Face Lift: The Curtis Institute of Music’s expansion project

Tuned Out—Historic facades on Locust Street stand alone for now (right). When completed, the project will reflect the architectural character of the block (left).
story by Lee Stabert | photo by Lucas Hardison

For the last few months, observant Philadelphians strolling down the 1600 block of Locust Street have no doubt been startled. When you first catch a glimpse of the massive Curtis Institute of Music expansion project, it feels a little bit like you’ve stumbled onto a movie set.

On either side of a gaping hole are two perfect townhouse facades, standing there like empty masks. The adjoining structures have been removed, leaving only the historic exteriors. By the time the project is complete, the beautiful facades will provide bookends for a new, LEED-certified wing of the prestigious music school. The building will house an orchestra rehearsal room, greatly expanded teaching and practice facilities, and a nine-story residential wing set off from the street.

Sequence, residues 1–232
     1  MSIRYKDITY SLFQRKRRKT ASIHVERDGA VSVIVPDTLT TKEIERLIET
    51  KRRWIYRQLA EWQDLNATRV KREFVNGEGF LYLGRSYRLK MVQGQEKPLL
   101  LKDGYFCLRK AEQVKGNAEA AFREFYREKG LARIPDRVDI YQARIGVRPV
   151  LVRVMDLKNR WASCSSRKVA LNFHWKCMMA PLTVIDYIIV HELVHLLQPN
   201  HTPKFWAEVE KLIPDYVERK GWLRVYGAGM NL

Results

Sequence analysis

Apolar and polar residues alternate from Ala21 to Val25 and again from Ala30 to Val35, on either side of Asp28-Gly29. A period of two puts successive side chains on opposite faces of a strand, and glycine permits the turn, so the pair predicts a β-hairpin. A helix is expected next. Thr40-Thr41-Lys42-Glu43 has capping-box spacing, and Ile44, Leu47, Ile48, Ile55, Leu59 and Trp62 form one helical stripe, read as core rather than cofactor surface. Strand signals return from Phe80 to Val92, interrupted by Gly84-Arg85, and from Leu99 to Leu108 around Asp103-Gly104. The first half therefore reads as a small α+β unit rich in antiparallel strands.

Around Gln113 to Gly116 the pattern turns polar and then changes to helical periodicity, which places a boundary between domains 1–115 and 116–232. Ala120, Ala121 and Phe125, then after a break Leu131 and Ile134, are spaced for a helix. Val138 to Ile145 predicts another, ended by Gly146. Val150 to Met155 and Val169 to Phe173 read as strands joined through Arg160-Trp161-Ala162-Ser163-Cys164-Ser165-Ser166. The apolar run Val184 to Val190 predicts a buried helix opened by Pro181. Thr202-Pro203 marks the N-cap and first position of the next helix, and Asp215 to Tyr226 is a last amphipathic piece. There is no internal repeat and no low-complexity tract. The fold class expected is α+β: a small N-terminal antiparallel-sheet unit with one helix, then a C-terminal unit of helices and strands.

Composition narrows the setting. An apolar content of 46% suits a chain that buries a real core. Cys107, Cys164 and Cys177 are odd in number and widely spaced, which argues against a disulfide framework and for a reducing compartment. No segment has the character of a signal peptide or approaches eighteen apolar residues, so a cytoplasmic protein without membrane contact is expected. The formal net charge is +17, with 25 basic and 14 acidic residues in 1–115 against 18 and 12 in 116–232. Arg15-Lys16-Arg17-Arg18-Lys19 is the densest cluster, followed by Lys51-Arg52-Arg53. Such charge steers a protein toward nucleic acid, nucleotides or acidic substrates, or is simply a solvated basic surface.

Architect Seth Cohen of Venturi, Scott Brown and Associates is in charge of the project. Respecting the surrounding streetscape was an invigorating challenge for his team. “Context was a very important design goal that relates to aesthetics, sustainability and historic preservation,” says Cohen. “As you know, Locust is a very historic block, with St. Mark’s Church right across from the site. It’s mostly two- and three-story townhomes, and we wanted to match the feel and the scale.”

They achieved that through both the façade preservation (which was required by the Historical Commission of Philadelphia) and aesthetically resonant window design on the infill elements of the structure. “There is a series of vertical bay windows,” explains Cohen.“That scale is very similar to the scale of townhouses. Also, if you look at that overall streetscape, most of the historic facades are not completely flat. They have ornaments and bay windows that project out. We’re doing that in a way with a bay over the entry. It’s our interpretation of the bay window—it acknowledges the power of St. Mark’s and acknowledges the surrounding context.”

The building is also aiming for LEED certification upon completion. Besides building on an existing site and integrating the existing facades (both earn sustainability points), the architects have chosen high-efficiency plumbing and mechanical systems. They have reduced the amount of water typically used in these kinds of projects by as much as 40 percent.

The building will be completed in summer 2011. When added to Curtis’ existing facilities on the 1700 block of Locust, it will create what the school is calling a “Curtis Corridor” running from Rittenhouse Square to the Avenue of the Arts, where students often perform. ■